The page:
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Western Media Misread Iran Elections

New America Media, News Analysis, Video, Jalal Ghazi Posted: Jun 17, 2009

Reports on the Iranian elections by Western media have been misleading.

They portray the election battle as a struggle between conservative Pres. Mahmoud Ahmadinejad and moderate Mir Hussein Moussavi. The election battle, however, is actually a struggle over power and money, not democracy.

Ahmadinejad is cast as unpopular, and most coverage presumes that he stole the elections from Moussavi. Many Western journalists compare Moussavi with Pres. Barack Obama and broadcast news show frequent images of bloody demonstrations as evidence that Iranians like Moussavi because he represents change. The truth, however, is completely the opposite.

Western media have failed to answer the question: Why did the majority of Iranians vote for Ahmadinejad? The answer is simple: because he, not Moussavi, is their Obama. This may be difficult for a westerner to understand. Yes, Ahmadinejad has been accused of wanting to wipe Israel off the map and developing a nuclear weapon and quoted denying the Holocaust. However, from the perspective of ordinary Iranians who voted for him, these things are not important. What is important is the fact that he is the only president who has been courageous enough to stand up to millionaire mullahs headed by Ayatollah Ali Akbar Hashemi Rafsanjani, the main supporter of Moussavi.

After the establishment of the Islamic republic in 1979, the countrys wealth was transformed into charity organizations headed by mullahs. Since then, these organizations, which are not audited, have become corrupt. There is also widespread corruption among the mullahs who exploit their power to accumulate wealth.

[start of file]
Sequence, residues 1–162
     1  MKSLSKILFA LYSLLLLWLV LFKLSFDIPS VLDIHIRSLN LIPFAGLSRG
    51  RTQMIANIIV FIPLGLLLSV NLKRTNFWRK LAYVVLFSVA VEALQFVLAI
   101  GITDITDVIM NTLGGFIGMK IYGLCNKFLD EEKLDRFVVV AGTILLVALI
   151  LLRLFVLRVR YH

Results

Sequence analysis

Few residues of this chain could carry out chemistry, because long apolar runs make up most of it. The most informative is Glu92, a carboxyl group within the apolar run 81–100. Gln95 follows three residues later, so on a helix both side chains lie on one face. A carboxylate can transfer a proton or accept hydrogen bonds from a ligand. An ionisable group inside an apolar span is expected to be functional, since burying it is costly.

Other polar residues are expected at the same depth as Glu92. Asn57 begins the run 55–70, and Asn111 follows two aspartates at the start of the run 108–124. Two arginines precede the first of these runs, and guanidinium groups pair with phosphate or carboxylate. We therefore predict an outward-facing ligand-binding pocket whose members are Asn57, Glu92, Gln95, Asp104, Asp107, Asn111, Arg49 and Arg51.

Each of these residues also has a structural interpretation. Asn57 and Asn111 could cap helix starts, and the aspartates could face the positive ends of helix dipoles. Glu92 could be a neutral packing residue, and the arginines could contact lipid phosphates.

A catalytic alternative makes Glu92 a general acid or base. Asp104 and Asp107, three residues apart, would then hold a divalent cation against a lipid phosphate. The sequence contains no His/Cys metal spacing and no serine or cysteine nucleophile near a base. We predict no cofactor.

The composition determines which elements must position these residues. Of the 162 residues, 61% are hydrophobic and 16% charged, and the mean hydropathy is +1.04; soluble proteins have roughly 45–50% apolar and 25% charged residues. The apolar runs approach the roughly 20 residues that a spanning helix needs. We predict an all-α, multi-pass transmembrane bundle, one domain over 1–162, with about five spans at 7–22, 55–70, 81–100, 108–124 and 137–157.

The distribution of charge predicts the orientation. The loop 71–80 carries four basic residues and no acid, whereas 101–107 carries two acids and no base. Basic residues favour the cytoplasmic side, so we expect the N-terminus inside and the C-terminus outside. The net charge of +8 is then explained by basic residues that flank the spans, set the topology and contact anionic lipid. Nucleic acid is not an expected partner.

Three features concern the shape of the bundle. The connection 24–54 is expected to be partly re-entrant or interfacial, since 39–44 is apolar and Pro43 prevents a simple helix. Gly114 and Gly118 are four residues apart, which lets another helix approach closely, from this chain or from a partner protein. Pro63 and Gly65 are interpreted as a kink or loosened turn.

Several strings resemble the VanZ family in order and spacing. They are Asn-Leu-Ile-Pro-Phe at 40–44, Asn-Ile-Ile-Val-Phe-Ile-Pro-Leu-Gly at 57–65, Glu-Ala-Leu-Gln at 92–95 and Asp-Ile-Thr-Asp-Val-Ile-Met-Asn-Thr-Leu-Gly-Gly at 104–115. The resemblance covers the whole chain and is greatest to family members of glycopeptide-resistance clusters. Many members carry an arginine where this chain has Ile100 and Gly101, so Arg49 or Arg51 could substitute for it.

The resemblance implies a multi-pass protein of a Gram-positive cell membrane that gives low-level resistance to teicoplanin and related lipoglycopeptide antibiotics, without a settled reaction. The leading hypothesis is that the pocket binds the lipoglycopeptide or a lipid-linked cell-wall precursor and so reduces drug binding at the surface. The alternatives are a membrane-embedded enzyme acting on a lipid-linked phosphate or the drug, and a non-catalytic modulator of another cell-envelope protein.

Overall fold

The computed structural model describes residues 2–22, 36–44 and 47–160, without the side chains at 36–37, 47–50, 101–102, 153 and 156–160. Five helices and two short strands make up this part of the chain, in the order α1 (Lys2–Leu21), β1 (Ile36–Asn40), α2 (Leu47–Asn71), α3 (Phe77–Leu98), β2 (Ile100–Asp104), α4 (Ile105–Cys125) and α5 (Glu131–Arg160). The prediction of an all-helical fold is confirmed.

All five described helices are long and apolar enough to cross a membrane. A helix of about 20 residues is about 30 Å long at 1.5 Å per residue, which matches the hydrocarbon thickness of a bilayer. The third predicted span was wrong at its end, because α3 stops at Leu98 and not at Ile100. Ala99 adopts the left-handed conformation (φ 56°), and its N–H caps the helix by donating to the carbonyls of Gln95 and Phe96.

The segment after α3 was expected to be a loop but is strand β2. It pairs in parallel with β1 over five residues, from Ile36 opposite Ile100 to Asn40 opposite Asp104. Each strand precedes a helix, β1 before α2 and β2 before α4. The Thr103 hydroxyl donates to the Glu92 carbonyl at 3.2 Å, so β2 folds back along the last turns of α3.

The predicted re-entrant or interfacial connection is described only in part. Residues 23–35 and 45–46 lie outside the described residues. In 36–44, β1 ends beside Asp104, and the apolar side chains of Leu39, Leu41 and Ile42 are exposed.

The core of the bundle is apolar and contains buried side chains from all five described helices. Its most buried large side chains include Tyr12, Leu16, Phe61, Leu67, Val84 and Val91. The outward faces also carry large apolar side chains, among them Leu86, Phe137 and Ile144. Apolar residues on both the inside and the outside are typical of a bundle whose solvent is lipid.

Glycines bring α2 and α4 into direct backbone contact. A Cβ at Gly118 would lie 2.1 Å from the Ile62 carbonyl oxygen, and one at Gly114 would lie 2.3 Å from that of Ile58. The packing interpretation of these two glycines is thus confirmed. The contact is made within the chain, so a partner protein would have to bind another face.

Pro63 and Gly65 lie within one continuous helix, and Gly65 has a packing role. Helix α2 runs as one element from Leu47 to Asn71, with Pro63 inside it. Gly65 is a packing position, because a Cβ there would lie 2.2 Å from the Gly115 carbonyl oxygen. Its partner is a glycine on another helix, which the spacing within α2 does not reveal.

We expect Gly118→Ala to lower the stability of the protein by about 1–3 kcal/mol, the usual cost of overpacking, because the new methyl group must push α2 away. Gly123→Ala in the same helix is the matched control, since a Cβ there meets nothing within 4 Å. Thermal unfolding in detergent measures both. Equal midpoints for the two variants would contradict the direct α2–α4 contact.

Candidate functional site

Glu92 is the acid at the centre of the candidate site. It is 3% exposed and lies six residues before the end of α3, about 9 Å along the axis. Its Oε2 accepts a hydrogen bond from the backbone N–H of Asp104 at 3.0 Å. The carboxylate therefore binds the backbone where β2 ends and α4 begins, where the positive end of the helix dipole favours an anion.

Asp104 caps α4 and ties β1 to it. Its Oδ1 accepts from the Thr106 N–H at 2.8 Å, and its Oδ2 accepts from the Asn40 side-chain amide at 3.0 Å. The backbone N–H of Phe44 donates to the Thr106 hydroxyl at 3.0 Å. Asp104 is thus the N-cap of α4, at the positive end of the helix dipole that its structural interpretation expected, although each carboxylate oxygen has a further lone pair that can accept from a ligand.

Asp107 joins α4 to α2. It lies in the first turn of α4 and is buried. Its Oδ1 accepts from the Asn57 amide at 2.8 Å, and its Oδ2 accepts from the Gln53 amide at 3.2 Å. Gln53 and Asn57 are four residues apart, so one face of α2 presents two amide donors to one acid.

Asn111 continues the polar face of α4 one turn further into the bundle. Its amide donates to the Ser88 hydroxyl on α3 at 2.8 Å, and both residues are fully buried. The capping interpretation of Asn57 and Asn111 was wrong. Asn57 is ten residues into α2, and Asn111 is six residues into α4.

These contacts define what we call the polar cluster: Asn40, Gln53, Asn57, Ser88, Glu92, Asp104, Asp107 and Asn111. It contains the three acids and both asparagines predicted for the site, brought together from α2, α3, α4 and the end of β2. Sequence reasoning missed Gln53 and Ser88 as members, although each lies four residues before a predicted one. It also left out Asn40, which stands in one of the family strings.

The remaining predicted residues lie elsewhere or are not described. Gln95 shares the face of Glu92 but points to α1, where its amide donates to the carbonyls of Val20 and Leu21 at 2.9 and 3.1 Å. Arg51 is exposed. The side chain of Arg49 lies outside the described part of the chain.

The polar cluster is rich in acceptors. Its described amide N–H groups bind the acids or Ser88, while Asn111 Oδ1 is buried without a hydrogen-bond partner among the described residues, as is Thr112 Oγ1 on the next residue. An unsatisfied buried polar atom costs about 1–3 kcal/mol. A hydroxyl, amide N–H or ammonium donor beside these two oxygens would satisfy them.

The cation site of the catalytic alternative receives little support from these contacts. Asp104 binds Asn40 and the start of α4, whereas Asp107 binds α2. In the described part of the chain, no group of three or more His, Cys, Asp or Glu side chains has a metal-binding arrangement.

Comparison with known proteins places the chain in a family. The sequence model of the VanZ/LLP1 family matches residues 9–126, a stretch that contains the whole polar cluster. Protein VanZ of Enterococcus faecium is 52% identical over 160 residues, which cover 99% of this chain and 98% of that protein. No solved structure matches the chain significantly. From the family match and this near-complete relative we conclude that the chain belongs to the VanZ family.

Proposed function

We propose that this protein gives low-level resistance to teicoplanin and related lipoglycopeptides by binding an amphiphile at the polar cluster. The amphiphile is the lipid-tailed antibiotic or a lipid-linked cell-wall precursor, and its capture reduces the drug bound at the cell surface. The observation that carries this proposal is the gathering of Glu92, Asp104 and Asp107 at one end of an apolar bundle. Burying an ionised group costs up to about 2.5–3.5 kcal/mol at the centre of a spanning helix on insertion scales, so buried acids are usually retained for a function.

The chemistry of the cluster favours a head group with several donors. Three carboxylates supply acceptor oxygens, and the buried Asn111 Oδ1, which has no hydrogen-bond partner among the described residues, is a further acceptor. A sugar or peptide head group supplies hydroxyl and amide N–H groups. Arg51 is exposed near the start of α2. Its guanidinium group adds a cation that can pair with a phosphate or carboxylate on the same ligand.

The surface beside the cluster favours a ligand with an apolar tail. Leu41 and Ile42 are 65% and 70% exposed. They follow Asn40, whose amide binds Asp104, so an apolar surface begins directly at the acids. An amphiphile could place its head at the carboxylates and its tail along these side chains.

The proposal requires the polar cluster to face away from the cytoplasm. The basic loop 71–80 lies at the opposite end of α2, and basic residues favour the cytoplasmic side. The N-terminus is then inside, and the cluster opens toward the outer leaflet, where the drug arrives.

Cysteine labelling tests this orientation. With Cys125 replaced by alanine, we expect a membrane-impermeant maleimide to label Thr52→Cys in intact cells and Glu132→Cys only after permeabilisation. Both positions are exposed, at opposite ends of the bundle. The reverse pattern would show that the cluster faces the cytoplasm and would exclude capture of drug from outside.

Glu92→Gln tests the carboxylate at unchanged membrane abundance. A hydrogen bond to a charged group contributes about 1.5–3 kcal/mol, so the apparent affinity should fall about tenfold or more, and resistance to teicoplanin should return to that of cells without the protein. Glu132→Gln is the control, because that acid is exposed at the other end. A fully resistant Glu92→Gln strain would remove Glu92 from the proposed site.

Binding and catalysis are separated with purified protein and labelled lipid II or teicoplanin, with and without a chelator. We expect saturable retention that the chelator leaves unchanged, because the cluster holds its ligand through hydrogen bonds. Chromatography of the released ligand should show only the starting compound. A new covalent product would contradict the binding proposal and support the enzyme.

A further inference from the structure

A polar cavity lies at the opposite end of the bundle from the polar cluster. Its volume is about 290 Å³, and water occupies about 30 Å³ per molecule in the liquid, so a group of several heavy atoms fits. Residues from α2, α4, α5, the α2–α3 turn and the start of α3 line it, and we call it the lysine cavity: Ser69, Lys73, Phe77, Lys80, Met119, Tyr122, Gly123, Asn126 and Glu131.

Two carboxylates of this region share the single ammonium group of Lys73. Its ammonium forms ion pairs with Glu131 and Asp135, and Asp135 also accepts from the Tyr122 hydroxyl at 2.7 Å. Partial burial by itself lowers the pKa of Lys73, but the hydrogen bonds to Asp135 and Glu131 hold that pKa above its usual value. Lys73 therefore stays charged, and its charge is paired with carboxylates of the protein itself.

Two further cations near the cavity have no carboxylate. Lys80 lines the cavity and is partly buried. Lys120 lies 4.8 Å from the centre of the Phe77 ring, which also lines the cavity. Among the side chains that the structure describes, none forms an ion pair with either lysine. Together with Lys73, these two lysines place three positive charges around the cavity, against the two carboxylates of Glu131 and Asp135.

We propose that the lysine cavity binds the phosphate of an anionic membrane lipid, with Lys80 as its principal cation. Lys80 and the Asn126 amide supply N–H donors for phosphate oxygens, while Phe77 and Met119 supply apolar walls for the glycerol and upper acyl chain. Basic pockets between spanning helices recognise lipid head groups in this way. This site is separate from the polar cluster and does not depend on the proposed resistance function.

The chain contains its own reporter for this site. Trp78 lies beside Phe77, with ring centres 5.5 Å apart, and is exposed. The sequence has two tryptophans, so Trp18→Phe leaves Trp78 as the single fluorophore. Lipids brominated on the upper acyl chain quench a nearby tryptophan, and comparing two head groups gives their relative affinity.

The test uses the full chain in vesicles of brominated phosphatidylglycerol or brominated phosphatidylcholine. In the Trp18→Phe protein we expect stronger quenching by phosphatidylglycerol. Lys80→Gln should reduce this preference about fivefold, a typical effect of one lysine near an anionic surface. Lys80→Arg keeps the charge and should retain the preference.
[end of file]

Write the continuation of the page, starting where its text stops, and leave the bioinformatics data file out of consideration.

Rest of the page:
During his first term in office, Ahamdinejad clashed with these millionaire mullahs when he launched a campaign to rid Iran of corruption. His goal is to scrutinize the charity organizations, which means that they would be subjected to auditing. This has made these mullahs very nervous.

Political analyst Mehadad Khonry told Al Jazeera English that Rafsanjani, Moussavi's chief supporter, is now in Qum, Iran. He is there to rally the support of certain leading ayotallahs and to make sure that his position will be secure in the post-election era.

During the televised debates between Ahmadinejad and Moussavi, the president singled out Rafsanjani and asked, What are his [Rafsanjanis] sons doing in the country? Name one of my ministers who has become a billionaire during their tenure, or received properties? The Rafsanjani family is known to have used its powerful position to amass huge wealth like many other mullahs.

Ahmadinejad, on the other hand, is well known for his humble family background. This was pointed out by Iran's Supreme Leader Ayatollah Ali Khamenei, who called on Iran to vote for the candidate whose life is not corrupt.

Ahmadinejad is the son of a blacksmith from South Tehran. This is extremely important for Iranians who resent the widening gap between the haves and have nots. According to Al Jazeera English, this gap has increased during the past decades and is visible in the extreme poverty in south Tehran and extreme wealth in the citys north.

Those who carried out the Islamic revolution vowed to end corruption and the disparity between rich and poor. This works to Ahmadinejads advantage. Many voted for him because of his concerns about corruption and inequalities, which in their view are counter to true Islam. This means that Iranian society, which tends to be religious, sees him as a better candidate. One should not underestimate the power of mosques in Iran.

Having said that, one should not ignore the role of young Iranians who simply want more freedom. Moussavi does have the support of many of them, but his lethal mistake is his strange alliance with conservative and rich Mullah Rafsanjani. During the televised debates, Ahmadinejad stressed these strange relations and used them link Moussavi to corruption.

Once the votes are recounted, and the riots end, it will be interesting to see where the struggle between Ahmadinejad and Rafsanjai will lead. Will Ahmadinejad continue to receive the backing of Supreme Leader Khamenei, or will Rafsanjani, the second most powerful man, manage to stop Ahmadinejad? Time will tell, but the Western media wont get the story right if it cannot transcend its current script.




Related Articles:

The Revolution Will Be Tweeted

Act One of a More Revolutionary Republic in Iran?

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